GOOD MORNING: The Titanic sails again. Well, not exactly the ship — but the studio that 20th built at Rosarito Beach is again fully afloat. This time, it’s for WB’s “Deep Blue Sea,” with old salt (“Cutthroat Island”) Renny Harlin at the helm. “I am on an incredible high to be working here,” he says. He’s in the multiple tanks and stages and Harlin has no worries on this film about the possibility of extraordinary natural elements adding to the budget (which is below the megabuck strata: around $70 million). Working in the former dry (and wet) docks of “Titanic,” Harlin tells me, “This facility is a testament to James Cameron. He built an entire studio and we are benefiting from it. And we are trying to do it economically.” He also credits Cameron’s company with developing gear to shoot safely with cast and crew deep in water. “Deep” has an 80-day shooting schedule inside the studio tanks with mechanical sharks — some of which weigh 8,000 pounds, contain 1,000 horsepower motors, and can move at 35 mph! Costar LL Cool J had to “escape” from one in a scene filmed Wednesday. After shooting the scene, Harlin told me “LL was fantastic — he is one terrific actor!” A second camera team is at sea, off the Rosarito coast, filming Mako sharks from inside titanium cages. Thomas Jane and Saffron Burrows will be in scenes with the real sharks as well. Harlin says, “I am really excited that WB is creating new stars Thomas Jane, Saffron Burrows and Jacqueline McKenzie, who will be leads in many action movies to come. They have good looks and acting talent.” “Deep Blue Sea” also toplines Samuel L. Jackson (who worked with Harlin in “The Long Kiss Goodnight”), Stellan Skarsgard and Michael Rapaport. Alan Riche, Tony Ludwig and Akiva Goldsman produce. Harlin’s Midnight Sun Pictures banner is also producing “Blast From the Past” starring Alicia Silverstone, Brendan Fraser, Sissy Spacek and Christopher Walken. When I asked Harlin about the coincidence that he and his “Cliffhanger” star Sylvester Stallone are both prepping Formula One race-car pics, Harlin volunteered, “It doesn’t make sense to make two Formula One pictures at the same time — we should both get together.” OK Sly, the car is in your garage.
ANOTHER CHAPTER IN “American History X”: director Tony Kaye told Toronto Film Festival director Piers Handling he did not want his picture to be included in the fest. Kaye arrived at fest h.q. armed with a video camera and caught Handling in the lobby at the elevators. They moved to a reception area nearby where Kaye, with camera, expressed his feelings about having the film excluded from the fest (starts Sept. 10) and its competition. Handling was not familiar with Kaye’s appearance (with camera crew) last week at New Line president Michael DeLuca’s office accompanied by a priest, rabbi and a Tibetan monk. However, the fest director said he wasn’t upset by Kaye’s arrival with a camera. “Some directors like to keep a record of their appearance at the festival from start to finish, like Robert Rodriguez — so I thought the same, that he (Kaye) was making a video diary of the experience. But unfortunately this wasn’t the case.” When I reached Kaye at his hotel room, he would only say breathily, “I’m under an immense amount of pressure and can’t talk to you now; one of my dogs isn’t well, and that’s the most important thing for me now.” Later calls to him were not returned. So, Handling says, “I am talking to all the principals (the pic’s producer and New Line) and to Alliance, which has the release here in Canada. We have always had good relations with New Line and Fine Line,” he added. “There is no real resolution. But we (the festival) do not want to be in the middle.” Meanwhile the fest continues scheduling, accepting (and returning?) films.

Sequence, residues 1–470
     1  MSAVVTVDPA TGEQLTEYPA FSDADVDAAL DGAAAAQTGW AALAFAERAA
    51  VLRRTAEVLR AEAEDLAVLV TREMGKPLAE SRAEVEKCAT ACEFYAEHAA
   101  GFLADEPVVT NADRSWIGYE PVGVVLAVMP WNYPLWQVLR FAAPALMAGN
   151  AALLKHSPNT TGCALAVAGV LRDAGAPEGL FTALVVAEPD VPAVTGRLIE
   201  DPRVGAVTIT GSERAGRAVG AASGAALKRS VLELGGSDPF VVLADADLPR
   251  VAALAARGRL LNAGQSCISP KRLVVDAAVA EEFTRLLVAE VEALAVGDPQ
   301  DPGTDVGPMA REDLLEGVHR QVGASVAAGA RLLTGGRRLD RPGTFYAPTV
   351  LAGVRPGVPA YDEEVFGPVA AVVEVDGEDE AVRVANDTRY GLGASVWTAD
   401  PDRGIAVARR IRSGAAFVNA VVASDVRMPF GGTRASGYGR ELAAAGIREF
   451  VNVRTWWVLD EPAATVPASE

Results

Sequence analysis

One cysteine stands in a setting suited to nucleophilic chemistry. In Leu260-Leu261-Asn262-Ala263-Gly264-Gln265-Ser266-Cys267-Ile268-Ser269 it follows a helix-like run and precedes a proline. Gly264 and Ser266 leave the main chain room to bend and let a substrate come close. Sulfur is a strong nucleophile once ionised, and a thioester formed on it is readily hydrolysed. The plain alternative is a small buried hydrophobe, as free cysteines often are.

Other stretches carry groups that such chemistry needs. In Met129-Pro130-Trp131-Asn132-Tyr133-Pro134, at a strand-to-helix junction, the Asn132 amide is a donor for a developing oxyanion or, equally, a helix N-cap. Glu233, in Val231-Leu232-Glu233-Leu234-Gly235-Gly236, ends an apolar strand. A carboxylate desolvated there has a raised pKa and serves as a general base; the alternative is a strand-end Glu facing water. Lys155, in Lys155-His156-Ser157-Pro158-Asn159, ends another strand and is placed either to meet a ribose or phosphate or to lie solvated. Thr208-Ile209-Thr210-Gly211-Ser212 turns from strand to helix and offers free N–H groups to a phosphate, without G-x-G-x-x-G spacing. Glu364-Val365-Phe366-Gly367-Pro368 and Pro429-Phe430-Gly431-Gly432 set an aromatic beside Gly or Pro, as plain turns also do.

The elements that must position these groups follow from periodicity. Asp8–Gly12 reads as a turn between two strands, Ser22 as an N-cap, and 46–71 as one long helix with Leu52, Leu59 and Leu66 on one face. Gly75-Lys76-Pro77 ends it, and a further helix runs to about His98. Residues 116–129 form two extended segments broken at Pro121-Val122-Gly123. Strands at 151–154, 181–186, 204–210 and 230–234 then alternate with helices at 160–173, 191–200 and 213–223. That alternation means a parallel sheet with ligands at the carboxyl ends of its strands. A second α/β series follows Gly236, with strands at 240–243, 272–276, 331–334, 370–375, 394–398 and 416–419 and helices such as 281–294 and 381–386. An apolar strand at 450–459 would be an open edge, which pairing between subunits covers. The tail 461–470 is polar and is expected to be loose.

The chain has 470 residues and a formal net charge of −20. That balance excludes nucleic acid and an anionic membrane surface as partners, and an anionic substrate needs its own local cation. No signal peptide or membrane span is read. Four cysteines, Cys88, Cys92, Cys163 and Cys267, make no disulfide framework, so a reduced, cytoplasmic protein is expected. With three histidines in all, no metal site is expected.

BEN AFFLECK MADE HIS directing debut two years ago with “I Killed My Lesbian Wife, Hung Her on a Meat Hook, and Now I Have a Three-Picture Deal at Disney.” Producer Kamala Lopez will show the short film, starring Jay Lacopo and Karla Montana, for the first time to an audience next week at Sony. Lopez stars opposite Rosanna Arquette in Karen Finley’s directing debut film “Creating Kali” for Heroica Films … Roy Christopher designs the Emmys (his seventh) at the Shrine, where he will also be up for an Emmy — for designing the Oscars. He’s also working on three series: “Frasier,” “Becker” and “Encore,” the Nathan Lane show … Connie Stevens, daughters Joely and Tricia Fisher wing to SanFran Monday to help Eddie Fisher celebrate his 70th birthday … Jay Fiondella’s celebrating the 49th anni of his Santa Monica eatery, Chez Jay’s … Bernard Oseransky was surprise-partied as MTM toasted him on his retirement after 43 years in the biz. He rose from page at CBS to senior VP of production at MTM … Samira Fuller Farquar was welcomed by the Samuel Fullers’ (Christa Lang’s) daughter Samantha and her husband Regan Farquar, July 8 … Vet publicist Wally Beene is in intensive care at the U. of Arizona Medical Center after a freak fire in the operating room while he was undergoing brain surgery … The U. Press of Ken-tucky will publish “A Rose for Mrs. Miniver, The Life of Greer Garson,” the first (!) bio of the seven-time Oscar nominee. It’s written by Michael Troyan, of WB TV publicity dept. A retro of gracious Greer’s works will be shown at the SMU Greer Garson Theater Sept. 11-13 along with publication of the book.